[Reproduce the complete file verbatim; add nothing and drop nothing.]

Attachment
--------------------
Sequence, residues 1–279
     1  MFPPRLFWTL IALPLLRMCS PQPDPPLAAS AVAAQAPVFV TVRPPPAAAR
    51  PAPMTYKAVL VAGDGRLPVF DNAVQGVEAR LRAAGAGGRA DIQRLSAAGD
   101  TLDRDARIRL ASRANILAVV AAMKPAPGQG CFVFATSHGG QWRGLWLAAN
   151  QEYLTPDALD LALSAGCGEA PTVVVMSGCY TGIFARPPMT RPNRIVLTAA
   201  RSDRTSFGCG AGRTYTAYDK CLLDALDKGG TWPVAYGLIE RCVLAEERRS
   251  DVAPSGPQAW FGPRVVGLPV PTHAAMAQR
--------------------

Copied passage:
Sequence, residues 1–279
     1  MFPPRLFWTL IALPLLRMCS PQPDPPLAAS AVAAQAPVFV TVRPPPAAAR
    51  PAPMTYKAVL VAGDGRLPVF DNAVQGVEAR LRAAGAGGRA DIQRLSAAGD
   101  TLDRDARIRL ASRANILAVV AAMKPAPGQG CFVFATSHGG QWRGLWLAAN
   151  QEYLTPDALD LALSAGCGEA PTVVVMSGCY TGIFARPPMT RPNRIVLTAA
   201  RSDRTSFGCG AGRTYTAYDK CLLDALDKGG TWPVAYGLIE RCVLAEERRS
   251  DVAPSGPQAW FGPRVVGLPV PTHAAMAQR